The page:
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Cut Diamond Characteristics: Clarity

Clarity in diamond is a measure of the surface (blemishes) and internal (inclusions) characteristics of a polished diamond, and has, as does color, a major impact on value. Obviously, the fewer clarity characteristics a stone has, the more rare, and therefore valuable, it is. A diamond with the highest clarity grade is flawless (Fl), which means it has no discernable (at 10x) blemishes or inclusions, a situation not frequently encountered. Combine this with a D color in a diamond, and you would have a truly rare stone. However, this combination of highest color and clarity does not guarantee you a beautiful diamond. As we shall see below, it is most importantly the quality of the CUT (in combination with the other 3C's), which releases the beauty of the stone to the eye of the beholder(s).

Clarity characteristics are an inherent part of a diamond's life, and can arise from events which occurred during its formation deep in the earth, the mining procedures used to collect it, the cutting of rough into its final shape and the wearing of the stone. The descriptions of the more important characteristics of blemishes and inclusions are given below.


ADI Clarity Grading Scale

Clarity Grade Definition

Flawless (Fl)

Free of all inclusions and blemishes

Internally Flawless (IF)

No inclusions and only minor blemishes visible at 10x magnification

Very Very Slightly Included (VVS1)

Minute inclusions extremely difficult to locate at 10x.

Very Very Slightly Included (VVS2) Minute inclusions extremely difficult to locate at 10x.
Very Slightly Included (VS1) Minor inclusions difficult to locate at 10x.
Very Slightly Included (VS2) Minor inclusions somewhat easy to locate at 10x.
Slightly Included (SI1) Noticeable inclusions easy to locate at 10x.
Slightly Included (Sl2) Noticeable inclusions very easy to locate at 10x
Imperfect (I1) Obvious inclusions usually easy to locate with the unaided eye.
Imperfect (I2) Obvious inclusions easy to locate with the unaided eye.
Imperfect (I3) Obvious inclusions very easy to locate with the unaided eye and which may threaten stone's durability.

Diamond Inclusion Crystal






Included Small Ruby



Included Crystal Feather


Included Garnet Crystal

On most grading reports both blemishes and inclusions are plotted for the face-up and pavilion views of the stone. In general, blemishes are plotted in green, inclusions are plotted in red and extra facets and some naturals are plotted in black. Often, to avoid a messy looking plot, pinpoints, clouds and other minor details of clarity are not plotted, but indicated under "Comments:" at the bottom of the report.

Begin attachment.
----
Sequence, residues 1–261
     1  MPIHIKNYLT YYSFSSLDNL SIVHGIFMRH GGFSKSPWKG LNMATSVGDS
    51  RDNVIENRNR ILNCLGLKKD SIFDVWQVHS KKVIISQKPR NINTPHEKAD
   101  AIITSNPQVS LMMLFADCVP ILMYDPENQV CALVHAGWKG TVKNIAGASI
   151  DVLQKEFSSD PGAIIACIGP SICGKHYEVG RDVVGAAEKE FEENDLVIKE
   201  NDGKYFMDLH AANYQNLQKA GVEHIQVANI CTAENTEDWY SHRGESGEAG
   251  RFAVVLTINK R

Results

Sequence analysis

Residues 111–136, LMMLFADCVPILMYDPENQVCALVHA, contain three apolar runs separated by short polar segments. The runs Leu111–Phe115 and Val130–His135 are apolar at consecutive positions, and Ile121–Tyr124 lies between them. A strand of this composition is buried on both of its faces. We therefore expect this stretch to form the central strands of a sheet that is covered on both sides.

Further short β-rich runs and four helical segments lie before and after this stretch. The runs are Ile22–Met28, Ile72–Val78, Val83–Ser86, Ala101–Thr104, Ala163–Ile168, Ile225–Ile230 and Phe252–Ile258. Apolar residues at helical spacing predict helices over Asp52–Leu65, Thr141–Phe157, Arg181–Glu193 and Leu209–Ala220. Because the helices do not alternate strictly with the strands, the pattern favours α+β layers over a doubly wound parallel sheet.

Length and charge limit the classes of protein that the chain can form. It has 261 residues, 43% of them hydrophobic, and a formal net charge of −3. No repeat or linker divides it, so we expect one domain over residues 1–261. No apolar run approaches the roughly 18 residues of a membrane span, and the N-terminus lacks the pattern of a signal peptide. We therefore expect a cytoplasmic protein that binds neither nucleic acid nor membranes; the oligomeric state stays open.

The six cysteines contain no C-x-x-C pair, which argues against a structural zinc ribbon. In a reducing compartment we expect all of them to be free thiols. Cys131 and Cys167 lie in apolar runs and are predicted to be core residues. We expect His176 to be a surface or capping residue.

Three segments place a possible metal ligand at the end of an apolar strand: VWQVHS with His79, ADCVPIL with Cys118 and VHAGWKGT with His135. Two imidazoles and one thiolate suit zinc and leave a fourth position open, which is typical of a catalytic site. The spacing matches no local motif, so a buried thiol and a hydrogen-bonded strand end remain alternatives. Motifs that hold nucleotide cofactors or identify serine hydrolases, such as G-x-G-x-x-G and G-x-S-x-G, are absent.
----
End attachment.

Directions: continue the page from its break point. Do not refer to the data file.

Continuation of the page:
Abrasions: tiny nicks on facet junctions or the culet; caused by wear or coming in contact with other diamonds.

Extra Facets: small facets placed to remove imperfections; not part of the cutting style. (Not to be confused with Added Facets which are added symmetrically and are part of the cutting style.)

Naturals: part of the original crystal surface remaining on the polished stone, frequently in the area of the girdle.

Polish Lines and Marks: tiny parallel lines or surface clouding left by irregular polishing or excessive heating during polishing, respectively.

Rough Girdle: a grainy or pitted girdle surface usually caused by poor workmanship.

Surface Graining: structural irregularities in crystal growth; may appear as faint lines, causing grooved or wavy surfaces and often cross facet junctions.

Bearding: tiny feathers extending inward from a bruted girdle surface. (Bruting is the process of rubbing two diamonds together to achieve the rounded shape of the diamond.)

Cavities and Chips: large/deep openings, and small/shallow openings in the diamond's surface, respectively.

Clouds: hazy or milky areas of many very small, usually crystalline inclusions.

Feathers: cleavages or fractures often white and feathery in appearance. (There are 4 cleavage planes in diamond, which run in octahedral directions. Fractures are breaks along planes other than cleavage planes and may alternate with them to form step-like feathers.)

Included Crystals: mineral crystals, such as garnet or peridot, contained inside a diamond.

Indented Naturals: natural rough surfaces that penetrate the stone and may distort the girdle outline.

Internal Graining: regions of irregular crystal growth that may appear as milky or colored lines or streaks, or may be reflective.

Laser Drill Holes: a tiny tube made by a laser; the surface opening may resemble a pit, while the tube usually resembles a needle.

Needles: needle-shaped included crystals.

Pinpoints: areas of minute, dot-like inclusions.

Twinning Wisps: cloudy areas produced by distorted crystal growth.

Grading Clarity
All clarity grading is performed at 10-times magnification using a hand loupe or gemological microscope under both artificial daylight and darkfield illumination conditions. Reflected light is used to detect and evaluate blemishes and darkfield light for inclusions. It's the face-up view that usually sets the clarity grade, however the face-up, pavilion and table-to-culet views are all taken into consideration during grading.

Clarity grades are largely determined by the collective visual appearance that a stone's inclusions exhibit in relationship to the size and shape of the stone. It is the consideration of the size, position, number, color/contrast and nature of these inclusions, which leads to the final clarity grade. Frequently, it is possible to quickly key on the most obvious inclusions seen in the face-up position in making a final grade determination. However, the higher clarity grades (Fl, IF, VVS1/2) are more difficult to distinguish than the lower (VS1/2, SI1/2, I1/2/3) because more care must be given to avoid overlooking small characteristics.

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